Possible Involvement of the Serotonin Type 3 Receptor in the Extinction of Previously Conditioned Fear Responses

Park, Su Mi, Department of Psychology, University of Virginia
Williams, Cedric, Department of Psychology, University of Virginia

Due to the high prevalence of anxiety related disorders in our present society, there is an increased interest in understanding neuronal mechanisms underlying the attenuation of learned fear. These contemporary issues represent the major theme of this dissertation, which is to characterize how the process of extinction produces neural changes in the brain to successfully eliminate learned fear. Despite the wealth of past research into specific transmitter systems that contribute to memory formation for traumatic events, only a paucity of recent studies have investigated a putative contribution of serotonin (5-HT) or more specifically, the role that 5-HT3 receptors may play in this process. In light of this shortcoming and more contemporary findings indicating a role of the 5-HT system in facilitating behavioral therapy for fear and anxiety related conditions, this dissertation will examine how new learning associated with the extinction of fear related memories may be mediated via actions involving 5-HT3 receptors and possible changes in GABAergic neurotransmission.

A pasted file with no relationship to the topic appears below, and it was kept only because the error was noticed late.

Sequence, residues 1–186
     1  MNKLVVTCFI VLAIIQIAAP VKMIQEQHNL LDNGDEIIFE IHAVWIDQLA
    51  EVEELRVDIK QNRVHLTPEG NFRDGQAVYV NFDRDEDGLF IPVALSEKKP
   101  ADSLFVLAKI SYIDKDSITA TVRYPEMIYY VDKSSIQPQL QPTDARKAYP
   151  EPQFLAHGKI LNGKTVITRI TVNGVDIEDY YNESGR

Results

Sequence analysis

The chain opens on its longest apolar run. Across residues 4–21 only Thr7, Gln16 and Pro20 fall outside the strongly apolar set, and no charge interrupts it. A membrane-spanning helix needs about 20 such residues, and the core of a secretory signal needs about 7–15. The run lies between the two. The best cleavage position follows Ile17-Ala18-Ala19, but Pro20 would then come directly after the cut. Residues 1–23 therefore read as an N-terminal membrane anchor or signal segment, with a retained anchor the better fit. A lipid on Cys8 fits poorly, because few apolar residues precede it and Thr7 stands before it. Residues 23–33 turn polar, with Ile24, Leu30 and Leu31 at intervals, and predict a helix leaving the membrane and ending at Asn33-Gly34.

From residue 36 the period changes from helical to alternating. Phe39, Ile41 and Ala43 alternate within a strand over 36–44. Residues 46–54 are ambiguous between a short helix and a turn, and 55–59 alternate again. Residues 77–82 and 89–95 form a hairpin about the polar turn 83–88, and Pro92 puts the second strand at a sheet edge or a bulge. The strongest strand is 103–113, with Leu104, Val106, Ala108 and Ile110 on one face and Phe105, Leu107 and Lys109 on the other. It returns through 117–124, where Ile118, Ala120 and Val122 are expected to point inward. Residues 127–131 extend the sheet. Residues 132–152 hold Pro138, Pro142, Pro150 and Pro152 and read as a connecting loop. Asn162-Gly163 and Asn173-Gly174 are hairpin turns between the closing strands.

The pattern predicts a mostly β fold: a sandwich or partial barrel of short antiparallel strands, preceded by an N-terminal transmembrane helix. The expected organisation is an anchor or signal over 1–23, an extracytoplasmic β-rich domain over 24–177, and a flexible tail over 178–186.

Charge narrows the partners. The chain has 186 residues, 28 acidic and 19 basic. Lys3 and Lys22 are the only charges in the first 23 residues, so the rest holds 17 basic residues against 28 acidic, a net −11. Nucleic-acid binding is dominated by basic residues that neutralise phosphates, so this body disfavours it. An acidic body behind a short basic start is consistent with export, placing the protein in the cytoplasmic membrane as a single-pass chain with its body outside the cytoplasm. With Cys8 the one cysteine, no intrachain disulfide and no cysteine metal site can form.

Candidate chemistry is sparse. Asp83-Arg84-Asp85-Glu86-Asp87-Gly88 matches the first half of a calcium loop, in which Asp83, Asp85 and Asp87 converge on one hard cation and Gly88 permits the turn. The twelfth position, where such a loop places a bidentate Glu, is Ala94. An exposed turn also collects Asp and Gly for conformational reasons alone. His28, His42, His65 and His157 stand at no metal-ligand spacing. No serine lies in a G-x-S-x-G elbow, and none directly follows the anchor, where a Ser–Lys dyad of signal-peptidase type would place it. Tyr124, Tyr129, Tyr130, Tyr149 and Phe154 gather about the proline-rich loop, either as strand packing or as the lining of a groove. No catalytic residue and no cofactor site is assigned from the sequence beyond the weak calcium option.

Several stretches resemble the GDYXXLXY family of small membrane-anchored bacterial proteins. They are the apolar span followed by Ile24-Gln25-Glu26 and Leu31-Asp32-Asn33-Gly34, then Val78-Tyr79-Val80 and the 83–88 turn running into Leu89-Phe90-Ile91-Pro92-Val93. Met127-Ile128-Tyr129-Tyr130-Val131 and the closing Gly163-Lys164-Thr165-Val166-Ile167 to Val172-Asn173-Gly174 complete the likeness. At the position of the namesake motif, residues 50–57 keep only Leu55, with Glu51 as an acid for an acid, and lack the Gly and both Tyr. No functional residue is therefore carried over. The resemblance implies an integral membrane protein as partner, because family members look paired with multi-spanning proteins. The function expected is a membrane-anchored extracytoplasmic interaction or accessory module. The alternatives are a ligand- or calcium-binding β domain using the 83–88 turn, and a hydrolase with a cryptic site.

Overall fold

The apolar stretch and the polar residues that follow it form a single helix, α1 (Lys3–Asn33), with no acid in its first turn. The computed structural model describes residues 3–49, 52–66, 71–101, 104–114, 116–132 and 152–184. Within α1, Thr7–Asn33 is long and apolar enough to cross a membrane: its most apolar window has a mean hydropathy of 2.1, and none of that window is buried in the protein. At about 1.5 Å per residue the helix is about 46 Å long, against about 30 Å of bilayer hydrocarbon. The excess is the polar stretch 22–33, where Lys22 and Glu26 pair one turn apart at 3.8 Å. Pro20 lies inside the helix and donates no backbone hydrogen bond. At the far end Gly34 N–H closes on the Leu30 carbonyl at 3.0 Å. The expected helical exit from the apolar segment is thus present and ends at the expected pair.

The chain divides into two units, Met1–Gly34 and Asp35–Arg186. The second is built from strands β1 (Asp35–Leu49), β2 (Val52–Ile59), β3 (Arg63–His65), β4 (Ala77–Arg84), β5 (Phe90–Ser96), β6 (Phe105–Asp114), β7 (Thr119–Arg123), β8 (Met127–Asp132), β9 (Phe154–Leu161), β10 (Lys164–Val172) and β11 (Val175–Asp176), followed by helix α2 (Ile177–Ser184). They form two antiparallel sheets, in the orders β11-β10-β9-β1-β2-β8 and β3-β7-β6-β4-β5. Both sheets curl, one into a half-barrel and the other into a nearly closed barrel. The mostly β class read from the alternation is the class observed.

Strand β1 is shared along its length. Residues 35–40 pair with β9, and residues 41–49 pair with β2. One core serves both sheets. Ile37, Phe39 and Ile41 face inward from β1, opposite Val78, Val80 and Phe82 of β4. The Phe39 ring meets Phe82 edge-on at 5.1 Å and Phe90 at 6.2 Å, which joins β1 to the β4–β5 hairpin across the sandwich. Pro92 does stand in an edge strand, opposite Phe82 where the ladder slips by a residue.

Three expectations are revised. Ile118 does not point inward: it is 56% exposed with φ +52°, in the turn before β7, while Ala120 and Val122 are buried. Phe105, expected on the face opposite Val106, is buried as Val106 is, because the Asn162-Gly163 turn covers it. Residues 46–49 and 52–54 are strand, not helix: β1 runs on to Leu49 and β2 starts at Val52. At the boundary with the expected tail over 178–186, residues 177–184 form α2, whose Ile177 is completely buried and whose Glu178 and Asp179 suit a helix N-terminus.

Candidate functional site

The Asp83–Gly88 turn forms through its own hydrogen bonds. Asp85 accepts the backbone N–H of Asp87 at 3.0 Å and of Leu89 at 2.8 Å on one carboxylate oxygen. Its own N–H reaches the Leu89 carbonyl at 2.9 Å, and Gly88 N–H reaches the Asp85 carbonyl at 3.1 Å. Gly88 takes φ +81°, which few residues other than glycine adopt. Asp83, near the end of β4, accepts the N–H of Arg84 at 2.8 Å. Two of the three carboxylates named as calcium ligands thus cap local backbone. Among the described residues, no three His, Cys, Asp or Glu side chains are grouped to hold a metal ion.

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PHD (Doctor of Philosophy)
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